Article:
Effect of premature Notice of Readiness
Skimmed milk was to be shipped from Europe to India on a Gencon form.
A condition of the agreement was that the holds were to be odourless.
Notice of Readiness was tendered at the loading port and accepted by the charterers after which loading commenced.
When the smell of the previous cargo of fish meal was discovered, loading was interrupted to clean the holds.
The owners contended that laytime began soon as loading recommenced. The charterers argued that laytime should commence on the following day as the reaching of the physical state of readiness (i.e. the achievement of the odourless holds) was tantamount to the giving of a fresh Notice of Readiness.
The Commercial Court (Donaldson J) held that the notice, though premature, remained effective and that it was not necessary to give a second notice. Laytime accordingly commenced as soon as physical readiness occurred.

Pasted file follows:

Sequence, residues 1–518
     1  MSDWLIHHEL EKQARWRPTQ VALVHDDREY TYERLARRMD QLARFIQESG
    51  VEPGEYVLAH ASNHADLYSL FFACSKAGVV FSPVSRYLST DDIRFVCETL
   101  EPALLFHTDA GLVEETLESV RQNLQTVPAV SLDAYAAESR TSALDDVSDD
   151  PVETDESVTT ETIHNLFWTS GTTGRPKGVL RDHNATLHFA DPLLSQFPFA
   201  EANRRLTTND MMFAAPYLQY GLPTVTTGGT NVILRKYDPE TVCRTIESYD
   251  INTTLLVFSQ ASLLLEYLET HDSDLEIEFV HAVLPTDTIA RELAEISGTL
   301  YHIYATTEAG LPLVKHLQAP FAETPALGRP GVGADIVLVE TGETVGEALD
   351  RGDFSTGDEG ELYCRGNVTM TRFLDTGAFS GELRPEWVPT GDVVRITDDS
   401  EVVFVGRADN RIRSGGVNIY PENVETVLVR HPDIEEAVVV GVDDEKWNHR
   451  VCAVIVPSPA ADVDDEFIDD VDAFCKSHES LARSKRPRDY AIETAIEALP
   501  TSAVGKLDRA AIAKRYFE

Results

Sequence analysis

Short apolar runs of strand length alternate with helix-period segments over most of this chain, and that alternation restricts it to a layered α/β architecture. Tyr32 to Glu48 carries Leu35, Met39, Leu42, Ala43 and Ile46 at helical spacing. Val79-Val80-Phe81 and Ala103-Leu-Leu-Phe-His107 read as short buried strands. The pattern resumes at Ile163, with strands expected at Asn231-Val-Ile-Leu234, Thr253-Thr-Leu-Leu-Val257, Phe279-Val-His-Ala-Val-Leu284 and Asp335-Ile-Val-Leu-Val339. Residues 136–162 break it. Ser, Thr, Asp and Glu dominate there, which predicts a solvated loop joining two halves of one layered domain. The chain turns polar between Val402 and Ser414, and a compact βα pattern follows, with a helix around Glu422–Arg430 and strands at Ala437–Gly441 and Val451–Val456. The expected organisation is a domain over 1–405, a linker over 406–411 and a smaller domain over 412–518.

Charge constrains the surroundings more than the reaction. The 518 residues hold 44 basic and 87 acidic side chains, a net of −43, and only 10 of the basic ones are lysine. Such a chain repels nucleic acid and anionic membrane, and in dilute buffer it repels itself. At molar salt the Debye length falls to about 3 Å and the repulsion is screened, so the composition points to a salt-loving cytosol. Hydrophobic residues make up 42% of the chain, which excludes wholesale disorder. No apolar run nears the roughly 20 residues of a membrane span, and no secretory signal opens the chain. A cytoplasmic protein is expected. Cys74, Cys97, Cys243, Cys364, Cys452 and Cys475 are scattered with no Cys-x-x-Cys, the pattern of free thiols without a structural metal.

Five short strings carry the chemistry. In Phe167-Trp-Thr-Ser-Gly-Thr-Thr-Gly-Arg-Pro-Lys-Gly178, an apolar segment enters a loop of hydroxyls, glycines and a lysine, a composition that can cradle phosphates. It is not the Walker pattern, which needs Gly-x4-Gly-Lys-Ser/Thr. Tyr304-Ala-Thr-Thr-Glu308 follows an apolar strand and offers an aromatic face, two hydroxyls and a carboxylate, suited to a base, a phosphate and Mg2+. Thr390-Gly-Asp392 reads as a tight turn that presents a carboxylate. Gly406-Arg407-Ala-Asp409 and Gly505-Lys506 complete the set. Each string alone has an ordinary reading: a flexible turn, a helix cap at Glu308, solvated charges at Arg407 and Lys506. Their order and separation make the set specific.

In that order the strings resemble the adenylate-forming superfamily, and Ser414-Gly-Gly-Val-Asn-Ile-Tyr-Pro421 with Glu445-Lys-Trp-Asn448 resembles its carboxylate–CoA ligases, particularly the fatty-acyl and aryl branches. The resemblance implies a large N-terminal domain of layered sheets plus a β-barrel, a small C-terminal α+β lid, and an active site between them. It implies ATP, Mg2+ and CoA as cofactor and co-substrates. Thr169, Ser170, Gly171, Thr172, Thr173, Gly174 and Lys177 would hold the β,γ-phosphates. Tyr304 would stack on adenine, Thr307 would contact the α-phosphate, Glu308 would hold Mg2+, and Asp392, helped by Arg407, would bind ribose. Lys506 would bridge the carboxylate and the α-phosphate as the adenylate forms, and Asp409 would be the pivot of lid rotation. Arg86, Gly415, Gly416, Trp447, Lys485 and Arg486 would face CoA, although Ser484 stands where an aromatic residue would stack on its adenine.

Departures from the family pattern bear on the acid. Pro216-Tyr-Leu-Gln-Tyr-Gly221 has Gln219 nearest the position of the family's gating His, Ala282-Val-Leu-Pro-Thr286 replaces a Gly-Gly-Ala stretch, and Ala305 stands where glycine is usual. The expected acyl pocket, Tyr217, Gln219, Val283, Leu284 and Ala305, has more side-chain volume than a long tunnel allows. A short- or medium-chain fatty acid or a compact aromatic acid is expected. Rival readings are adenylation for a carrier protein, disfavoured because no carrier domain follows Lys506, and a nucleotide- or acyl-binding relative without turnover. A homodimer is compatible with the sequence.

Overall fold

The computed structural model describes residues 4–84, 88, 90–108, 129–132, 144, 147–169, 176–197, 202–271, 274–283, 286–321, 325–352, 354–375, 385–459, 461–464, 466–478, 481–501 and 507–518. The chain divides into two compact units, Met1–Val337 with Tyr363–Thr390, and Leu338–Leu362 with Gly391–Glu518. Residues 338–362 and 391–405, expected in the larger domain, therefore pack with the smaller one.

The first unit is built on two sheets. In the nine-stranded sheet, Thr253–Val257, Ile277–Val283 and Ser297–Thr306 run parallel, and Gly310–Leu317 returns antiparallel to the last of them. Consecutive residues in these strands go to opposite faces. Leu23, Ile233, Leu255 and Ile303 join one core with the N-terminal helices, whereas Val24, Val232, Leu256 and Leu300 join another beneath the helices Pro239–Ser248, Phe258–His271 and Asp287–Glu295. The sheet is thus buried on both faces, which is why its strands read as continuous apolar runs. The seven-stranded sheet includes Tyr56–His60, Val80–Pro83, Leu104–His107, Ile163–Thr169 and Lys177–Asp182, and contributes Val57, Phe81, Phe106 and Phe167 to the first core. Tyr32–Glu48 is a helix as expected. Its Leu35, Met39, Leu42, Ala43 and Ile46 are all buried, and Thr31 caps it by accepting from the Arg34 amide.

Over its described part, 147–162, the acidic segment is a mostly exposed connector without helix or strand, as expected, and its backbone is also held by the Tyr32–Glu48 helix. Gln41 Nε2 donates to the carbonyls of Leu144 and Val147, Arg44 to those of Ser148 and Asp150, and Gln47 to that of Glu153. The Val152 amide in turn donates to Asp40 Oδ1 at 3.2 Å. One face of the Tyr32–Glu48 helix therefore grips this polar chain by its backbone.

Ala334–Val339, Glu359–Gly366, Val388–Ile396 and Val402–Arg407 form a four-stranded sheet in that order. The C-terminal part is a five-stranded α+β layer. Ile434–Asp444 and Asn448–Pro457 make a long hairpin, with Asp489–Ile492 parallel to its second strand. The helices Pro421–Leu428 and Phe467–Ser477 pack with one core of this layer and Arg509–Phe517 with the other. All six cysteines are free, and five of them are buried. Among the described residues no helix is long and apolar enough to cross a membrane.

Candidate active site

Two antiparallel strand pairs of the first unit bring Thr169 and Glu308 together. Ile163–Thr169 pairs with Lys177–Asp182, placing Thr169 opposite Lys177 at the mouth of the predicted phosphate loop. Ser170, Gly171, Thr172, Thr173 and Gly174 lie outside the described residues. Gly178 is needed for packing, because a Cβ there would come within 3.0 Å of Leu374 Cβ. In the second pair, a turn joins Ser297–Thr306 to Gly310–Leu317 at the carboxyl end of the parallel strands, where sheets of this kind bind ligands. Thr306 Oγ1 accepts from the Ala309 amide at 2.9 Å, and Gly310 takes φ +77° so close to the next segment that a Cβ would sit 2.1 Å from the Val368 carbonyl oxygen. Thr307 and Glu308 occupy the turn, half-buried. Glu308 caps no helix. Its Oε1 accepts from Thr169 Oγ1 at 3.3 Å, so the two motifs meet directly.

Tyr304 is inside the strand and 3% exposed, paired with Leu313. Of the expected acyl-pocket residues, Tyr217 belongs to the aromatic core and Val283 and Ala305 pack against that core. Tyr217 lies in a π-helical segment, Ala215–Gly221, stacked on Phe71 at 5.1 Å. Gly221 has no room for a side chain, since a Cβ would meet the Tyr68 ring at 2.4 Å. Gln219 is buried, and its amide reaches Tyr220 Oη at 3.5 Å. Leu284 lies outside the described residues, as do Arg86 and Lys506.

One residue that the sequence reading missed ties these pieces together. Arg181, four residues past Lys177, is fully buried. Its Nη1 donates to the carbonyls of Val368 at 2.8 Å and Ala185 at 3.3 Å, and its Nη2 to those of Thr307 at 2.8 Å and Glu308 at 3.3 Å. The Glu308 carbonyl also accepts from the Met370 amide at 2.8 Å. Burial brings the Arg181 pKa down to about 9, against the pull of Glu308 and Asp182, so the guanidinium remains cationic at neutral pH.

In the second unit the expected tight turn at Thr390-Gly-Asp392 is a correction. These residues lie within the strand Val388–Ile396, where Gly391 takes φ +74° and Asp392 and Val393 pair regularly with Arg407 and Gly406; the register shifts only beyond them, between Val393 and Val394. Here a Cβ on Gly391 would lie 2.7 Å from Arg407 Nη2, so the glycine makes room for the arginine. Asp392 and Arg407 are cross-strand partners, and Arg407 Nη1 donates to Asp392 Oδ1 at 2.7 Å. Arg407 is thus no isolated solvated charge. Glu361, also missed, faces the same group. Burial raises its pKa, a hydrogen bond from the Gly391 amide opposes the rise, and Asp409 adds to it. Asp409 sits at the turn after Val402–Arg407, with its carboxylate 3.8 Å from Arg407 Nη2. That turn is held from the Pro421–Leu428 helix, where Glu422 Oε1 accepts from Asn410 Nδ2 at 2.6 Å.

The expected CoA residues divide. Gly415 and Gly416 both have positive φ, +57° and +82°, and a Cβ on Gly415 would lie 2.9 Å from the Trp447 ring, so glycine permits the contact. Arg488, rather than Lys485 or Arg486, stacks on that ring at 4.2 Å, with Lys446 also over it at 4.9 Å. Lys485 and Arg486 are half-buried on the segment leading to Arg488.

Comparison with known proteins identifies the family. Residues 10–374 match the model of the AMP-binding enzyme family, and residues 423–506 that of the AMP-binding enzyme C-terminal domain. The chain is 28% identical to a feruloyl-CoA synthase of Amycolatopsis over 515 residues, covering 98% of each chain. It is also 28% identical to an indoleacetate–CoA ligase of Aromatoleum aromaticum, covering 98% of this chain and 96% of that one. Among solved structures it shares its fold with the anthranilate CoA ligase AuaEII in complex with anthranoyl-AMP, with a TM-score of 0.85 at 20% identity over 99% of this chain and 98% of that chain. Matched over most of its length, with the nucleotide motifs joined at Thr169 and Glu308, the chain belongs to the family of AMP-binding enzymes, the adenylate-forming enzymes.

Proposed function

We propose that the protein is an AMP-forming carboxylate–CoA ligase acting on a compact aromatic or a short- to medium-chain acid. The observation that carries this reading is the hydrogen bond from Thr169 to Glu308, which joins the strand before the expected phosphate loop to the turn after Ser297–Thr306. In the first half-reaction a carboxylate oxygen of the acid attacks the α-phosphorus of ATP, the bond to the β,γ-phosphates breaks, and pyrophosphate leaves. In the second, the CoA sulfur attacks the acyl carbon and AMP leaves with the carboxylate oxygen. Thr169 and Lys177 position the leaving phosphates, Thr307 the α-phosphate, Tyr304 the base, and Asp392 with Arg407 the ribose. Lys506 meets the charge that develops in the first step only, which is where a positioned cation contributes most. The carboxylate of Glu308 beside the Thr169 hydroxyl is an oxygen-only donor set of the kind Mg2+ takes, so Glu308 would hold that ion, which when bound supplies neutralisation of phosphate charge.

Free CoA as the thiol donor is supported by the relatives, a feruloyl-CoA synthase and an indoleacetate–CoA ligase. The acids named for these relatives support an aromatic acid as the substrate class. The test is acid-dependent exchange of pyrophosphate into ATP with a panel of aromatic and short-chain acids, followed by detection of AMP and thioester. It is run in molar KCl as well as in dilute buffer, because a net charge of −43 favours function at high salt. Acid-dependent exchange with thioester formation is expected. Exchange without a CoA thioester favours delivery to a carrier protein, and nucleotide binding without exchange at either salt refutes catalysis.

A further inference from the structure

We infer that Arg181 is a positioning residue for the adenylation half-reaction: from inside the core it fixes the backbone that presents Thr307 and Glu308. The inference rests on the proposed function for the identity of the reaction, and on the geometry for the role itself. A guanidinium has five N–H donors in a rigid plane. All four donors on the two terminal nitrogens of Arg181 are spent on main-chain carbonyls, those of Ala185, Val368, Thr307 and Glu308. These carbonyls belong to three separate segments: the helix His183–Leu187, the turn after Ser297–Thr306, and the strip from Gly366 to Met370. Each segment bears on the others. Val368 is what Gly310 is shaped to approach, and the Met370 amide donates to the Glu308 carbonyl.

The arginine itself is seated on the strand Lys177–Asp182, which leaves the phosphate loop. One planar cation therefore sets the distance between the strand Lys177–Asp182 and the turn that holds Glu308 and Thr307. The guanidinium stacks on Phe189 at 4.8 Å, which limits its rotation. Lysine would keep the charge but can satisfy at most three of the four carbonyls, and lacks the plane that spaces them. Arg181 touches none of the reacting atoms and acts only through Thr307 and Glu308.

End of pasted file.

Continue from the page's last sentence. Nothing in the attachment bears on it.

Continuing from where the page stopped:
The court treated the Notice of Readiness as a formal act thereby reinforcing the view that a formal Notice of Readiness is a pre-requisite for the commencement of laytime. Mere knowledge of readiness on the part of the charterers or their agents is not sufficient to dispense with notice – something further e.g. waiver or estoppel is required – see Mexico 1.
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